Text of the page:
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26 June 2024

Jonathan Reynolds: Business and the centre left are natural partners

The shadow business secretary on Labour’s transformed relationship with industry.

By George Eaton

On the evening of the 2019 general election, Jonathan Reynolds’ political life flashed before his eyes. His seat of Stalybridge and Hyde, Greater Manchester, was one of those projected to fall to the Conservatives. “People start tweeting as if you’ve died,” he recalled with amusement. “They start writing things like, ‘Had a lot of time for Jonny Reynolds,’ or ‘Jonny Reynolds was a nice bloke.’”

Reports of his death had been much exaggerated. Reynolds survived with a reduced majority – it fell from 8,084 to 2,946 – and he is now poised to enter government in a week’s time. As shadow business and trade secretary since November 2021, he has overseen Labour’s transformed standing with industry.

This is a world in which tickets for the party’s planned “business day”, priced at £3,000 per head, sold out in hours; one in which a recent poll of 1,005 executives (by Savanta) found that Labour is regarded as better for business than the Conservatives by a margin of 46 per cent to 32 per cent.

For Keir Starmer, a new relationship with business – along with tackling anti-Semitism and unambiguous support for Nato – was one of the three tests of whether Labour had changed. By any measure, it has.

“Anyone who thinks we’re just doing this in opposition and that we wouldn’t carry this through into government has failed to understand who we are as people,” Reynolds, 43, told me when we met during a recent campaign visit to Peterborough (a Conservative marginal destined to fall to Labour).

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For Reynolds, as for Starmer and the shadow chancellor Rachel Reeves, there is no contradiction in being both pro-business and pro-worker. “Growing up in the north-east, what was the big economic deal? It was inward investment from Japan and Nissan. There is nothing inconsistent with wanting to attract that kind of investment and representing working people.” Reynolds went on to cite Labour’s New Deal for Working People as a key pillar of its approach (“it could be an incredibly significant achievement”). Through measures such as the abolition of exploitative zero-hour contracts, the party aims to increase productivity by incentivising firms to invest rather than relying on cheap labour.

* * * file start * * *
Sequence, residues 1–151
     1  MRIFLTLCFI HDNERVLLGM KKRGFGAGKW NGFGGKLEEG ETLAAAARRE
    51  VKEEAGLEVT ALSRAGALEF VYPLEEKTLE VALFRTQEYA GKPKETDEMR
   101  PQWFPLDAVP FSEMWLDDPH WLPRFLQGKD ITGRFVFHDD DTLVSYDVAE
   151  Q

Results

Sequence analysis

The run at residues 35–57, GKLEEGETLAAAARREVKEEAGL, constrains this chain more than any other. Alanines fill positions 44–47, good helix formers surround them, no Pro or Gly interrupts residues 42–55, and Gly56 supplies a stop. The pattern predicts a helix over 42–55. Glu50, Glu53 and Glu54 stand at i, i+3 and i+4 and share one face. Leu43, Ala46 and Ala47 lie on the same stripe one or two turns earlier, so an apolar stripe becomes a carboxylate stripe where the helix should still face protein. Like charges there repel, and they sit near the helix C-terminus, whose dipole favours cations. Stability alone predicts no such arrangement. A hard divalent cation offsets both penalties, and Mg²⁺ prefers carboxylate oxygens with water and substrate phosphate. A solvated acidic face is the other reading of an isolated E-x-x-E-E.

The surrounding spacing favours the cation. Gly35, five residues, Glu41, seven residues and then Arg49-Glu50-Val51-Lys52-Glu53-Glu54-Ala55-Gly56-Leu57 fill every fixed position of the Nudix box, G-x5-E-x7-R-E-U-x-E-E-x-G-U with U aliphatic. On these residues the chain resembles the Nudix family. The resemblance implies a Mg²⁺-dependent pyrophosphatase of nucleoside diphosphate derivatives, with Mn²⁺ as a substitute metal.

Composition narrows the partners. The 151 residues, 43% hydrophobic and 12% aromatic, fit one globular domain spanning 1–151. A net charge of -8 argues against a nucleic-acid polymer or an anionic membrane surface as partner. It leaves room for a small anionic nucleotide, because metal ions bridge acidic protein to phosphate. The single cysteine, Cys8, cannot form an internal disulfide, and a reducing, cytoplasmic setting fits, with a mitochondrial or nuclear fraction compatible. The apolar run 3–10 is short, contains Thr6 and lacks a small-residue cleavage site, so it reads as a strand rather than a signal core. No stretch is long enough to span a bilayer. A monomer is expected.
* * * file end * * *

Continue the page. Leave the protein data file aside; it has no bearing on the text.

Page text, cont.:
When Labour speaks of a new “partnership between business and trade unions”, some are reminded of the corporatism pursued by Harold Wilson and Edward Heath in the 1970s. But Reynolds, perhaps unsurprisingly, bridles at the term. “I’m really cautious about the past, the industrial strategy that we’re talking about is not nostalgic. It’s not that we all turn up in Downing Street and try and reorganise companies [to be] like British Leyland.”

He added: “There is huge scepticism from the business community about British politics because the kind of stability that was once taken for granted has completely gone.”

Since the 2019 general election, the UK has had three prime ministers and five chancellors. Liz Truss’s mini-Budget triggered market turmoil, while Boris Johnson declared: “F*** business.” (Reynolds recalled one FTSE 100 chief executive who observed that Johnson would have been gone “within hours” during partygate had he been a business leader.)

In this context, the UK’s already parlous investment record has grown worse: the country has had the lowest business investment in the G7 for the past three years and ranks 28th out of 31 OECD countries (ahead of only Greece, Luxembourg and Poland).